Apart from the trading products between the three countries, Iwona (4) in addition observes that similar to other custom unions, there are a number of other gains, which the three countries can derive from this integration apart from abolition of tariffs. He point out some of the gains as the removal of other hindrances to competition, and those that impede the trade flow. However, black (4) remarks that out of this economic integration; there are few concerns likely to emerge.

The author notes that for any small developing economy to attain faster economic growth and development, access to different and up to date technology is of paramount significance. However, for Kazakhstan and Belarus, this fete may not be achieved with ease; as such, opportunities will be missed owing to the fact that the two countries will totally be directing their efforts to strengthen the custom union. In the process, chances of interrelating with other countries that enjoy advanced technology will be hampered.

Belarus and Kazakhstan have both made notable attempts to declare their liberty and autonomy, and impose their own state identity. However, since they split from the Soviet Union, concerns have been raised within the two countries and worldwide in general concerning the priority between forming the custom union and their sovereignty.

Russia as well has received a number of criticisms, with many people expressing their feelings that the country need to diversify it economy to stop over relying in crude oil, which according to Rawi (599), forms the biggest part of Russia main economic output.

Rawi remarks that Russia also need to embark on means of attaining modern and state-of-art technology, in order to attain a higher rate of economic growth. Similarly, Rawi observes that there are equal concerns on the capability of Kazakhstan and Belarus to meet the large market demand of Russian’s products.

Economical theories

The major economical theories tackled by the trilateral relationship between Russia Kazakhstan and Belarus include economic integration. The actual custom treaty between Russia Kazakhstan and Belarus is intended to open more marketing opportunities between the partner states.

This will be facilitated by free entry of both good and services within the custom union region. By free entry of products from the trading nations, citizens of the three countries will benefit from availability of multiple products, some of which may not be available in their home countries.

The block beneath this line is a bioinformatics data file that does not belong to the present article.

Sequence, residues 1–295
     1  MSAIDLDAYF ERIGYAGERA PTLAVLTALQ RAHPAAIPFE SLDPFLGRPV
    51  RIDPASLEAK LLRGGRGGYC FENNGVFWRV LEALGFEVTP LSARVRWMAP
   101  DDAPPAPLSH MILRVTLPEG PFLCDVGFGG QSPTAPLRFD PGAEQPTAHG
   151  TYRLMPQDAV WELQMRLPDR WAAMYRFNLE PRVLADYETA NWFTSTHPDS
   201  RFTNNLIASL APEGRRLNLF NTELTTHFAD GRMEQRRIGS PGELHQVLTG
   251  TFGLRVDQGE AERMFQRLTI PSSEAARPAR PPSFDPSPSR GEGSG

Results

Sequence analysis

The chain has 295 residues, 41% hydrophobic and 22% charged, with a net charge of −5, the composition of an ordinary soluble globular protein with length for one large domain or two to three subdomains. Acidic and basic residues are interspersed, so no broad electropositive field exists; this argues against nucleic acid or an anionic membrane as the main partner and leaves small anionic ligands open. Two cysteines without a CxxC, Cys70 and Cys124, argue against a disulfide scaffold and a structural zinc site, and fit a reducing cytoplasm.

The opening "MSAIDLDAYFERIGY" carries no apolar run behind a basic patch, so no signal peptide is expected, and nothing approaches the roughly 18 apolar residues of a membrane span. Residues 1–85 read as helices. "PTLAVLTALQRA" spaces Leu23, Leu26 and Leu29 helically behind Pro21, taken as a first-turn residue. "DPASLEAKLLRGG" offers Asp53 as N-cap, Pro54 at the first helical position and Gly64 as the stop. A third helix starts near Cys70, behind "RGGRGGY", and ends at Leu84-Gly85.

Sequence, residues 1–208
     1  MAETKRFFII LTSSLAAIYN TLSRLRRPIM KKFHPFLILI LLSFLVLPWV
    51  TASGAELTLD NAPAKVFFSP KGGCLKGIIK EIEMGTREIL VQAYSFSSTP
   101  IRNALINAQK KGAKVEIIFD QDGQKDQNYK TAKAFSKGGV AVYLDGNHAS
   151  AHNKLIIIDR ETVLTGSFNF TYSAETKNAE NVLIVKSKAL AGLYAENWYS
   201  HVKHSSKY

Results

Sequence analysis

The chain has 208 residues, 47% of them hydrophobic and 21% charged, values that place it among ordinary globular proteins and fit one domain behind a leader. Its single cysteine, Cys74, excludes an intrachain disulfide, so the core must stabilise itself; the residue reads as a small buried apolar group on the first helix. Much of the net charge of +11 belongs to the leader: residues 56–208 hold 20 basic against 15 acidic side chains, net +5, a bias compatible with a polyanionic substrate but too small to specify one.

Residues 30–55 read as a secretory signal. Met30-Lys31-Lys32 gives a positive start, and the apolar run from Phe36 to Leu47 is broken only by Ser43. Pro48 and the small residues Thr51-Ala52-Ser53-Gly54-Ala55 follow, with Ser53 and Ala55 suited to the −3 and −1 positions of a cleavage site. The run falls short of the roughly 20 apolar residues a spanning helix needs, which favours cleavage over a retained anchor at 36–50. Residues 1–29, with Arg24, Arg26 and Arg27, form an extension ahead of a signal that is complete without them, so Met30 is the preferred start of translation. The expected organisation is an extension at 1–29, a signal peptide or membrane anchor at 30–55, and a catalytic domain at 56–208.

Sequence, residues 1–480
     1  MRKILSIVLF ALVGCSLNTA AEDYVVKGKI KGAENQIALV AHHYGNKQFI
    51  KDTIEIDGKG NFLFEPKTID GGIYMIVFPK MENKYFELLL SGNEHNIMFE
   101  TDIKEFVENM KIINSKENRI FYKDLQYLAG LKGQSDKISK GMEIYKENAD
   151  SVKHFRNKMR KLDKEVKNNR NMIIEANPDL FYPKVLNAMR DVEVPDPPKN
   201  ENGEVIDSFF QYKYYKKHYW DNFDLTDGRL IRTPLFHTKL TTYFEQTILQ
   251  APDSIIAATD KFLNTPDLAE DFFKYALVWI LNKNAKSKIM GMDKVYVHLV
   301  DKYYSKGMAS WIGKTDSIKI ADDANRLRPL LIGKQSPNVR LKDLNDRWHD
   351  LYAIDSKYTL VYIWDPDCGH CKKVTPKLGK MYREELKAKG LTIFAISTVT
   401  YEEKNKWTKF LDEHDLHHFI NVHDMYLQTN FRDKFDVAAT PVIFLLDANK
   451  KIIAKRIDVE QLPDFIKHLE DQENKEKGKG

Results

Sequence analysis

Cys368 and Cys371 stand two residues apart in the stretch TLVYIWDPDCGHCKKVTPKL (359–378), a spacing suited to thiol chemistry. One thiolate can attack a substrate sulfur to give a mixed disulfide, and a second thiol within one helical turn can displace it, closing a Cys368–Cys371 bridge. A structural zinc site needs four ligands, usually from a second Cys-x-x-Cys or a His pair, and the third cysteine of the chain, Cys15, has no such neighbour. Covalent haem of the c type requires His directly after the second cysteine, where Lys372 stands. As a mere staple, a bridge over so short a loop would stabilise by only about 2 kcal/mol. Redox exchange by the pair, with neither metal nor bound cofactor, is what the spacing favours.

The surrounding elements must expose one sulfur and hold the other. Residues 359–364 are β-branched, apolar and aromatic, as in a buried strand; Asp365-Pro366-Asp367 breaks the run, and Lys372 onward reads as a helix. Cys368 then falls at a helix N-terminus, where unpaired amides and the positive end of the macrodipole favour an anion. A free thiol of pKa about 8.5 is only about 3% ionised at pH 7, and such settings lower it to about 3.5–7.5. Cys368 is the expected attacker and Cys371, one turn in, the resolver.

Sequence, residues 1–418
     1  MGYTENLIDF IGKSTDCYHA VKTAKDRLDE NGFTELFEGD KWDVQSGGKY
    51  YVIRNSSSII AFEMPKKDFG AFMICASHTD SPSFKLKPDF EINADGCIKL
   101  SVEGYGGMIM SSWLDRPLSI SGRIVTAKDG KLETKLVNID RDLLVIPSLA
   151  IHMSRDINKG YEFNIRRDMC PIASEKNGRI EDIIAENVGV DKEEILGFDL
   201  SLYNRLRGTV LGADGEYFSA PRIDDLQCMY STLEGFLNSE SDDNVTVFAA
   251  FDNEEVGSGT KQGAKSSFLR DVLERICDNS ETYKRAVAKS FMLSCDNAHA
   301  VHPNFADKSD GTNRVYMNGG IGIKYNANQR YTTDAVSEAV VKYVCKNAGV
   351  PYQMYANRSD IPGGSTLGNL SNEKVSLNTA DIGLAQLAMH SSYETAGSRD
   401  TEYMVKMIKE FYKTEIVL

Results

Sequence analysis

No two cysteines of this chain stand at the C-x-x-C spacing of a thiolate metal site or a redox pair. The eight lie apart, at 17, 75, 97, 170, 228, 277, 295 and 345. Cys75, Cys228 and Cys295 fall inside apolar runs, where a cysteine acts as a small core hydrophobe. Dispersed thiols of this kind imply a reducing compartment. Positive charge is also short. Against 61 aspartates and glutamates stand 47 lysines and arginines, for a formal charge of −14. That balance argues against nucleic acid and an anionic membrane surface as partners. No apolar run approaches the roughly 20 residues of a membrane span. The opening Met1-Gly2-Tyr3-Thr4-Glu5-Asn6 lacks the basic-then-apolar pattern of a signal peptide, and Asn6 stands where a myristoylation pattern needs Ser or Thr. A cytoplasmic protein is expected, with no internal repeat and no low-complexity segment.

Another economic theory equally represented in this particular custom treaty between Russia Kazakhstan and Belarus, is the production theory (Rawi 660). According to the author, production theory refers to attempt made by a firm to elucidate the amount of outputs to produce, and how much quantity of factors of production to make use of.

The custom union between Russia Kazakhstan and Belarus will provide opportunities for member countries to increase their industrial production due to availability of more market chances.

Rawi (661) further elucidates that this will result from the fact that that, there will be free movement of factors of production from one member nation to the other. Similarly, the author observations is that the movement of finished goods will equally enhance not only industrial but also agricultural production, pointing out that less storage space will be required to keep the inventory awaiting sale as ready market for most industrial products will have been established.

Among the benefits, which will be derived from this theory, include the presence of diverse products, because of free movement of finished industrial products from the member’s state (Sakwa 435). The author further notice that citizens of the involved countries will also benefit from industrial products of higher quality compared to those produced by their domestic industries.

These he further remarks will be because of increased competition by the local and foreign companies, with each industry attempting to control more market share. Because of this increased competition, Sakwa (435), in addition, notes that more products will sell at consumer friendly price, as each company will be trying every possible strategy to command the largest share of market, one of such policy being cost reduction.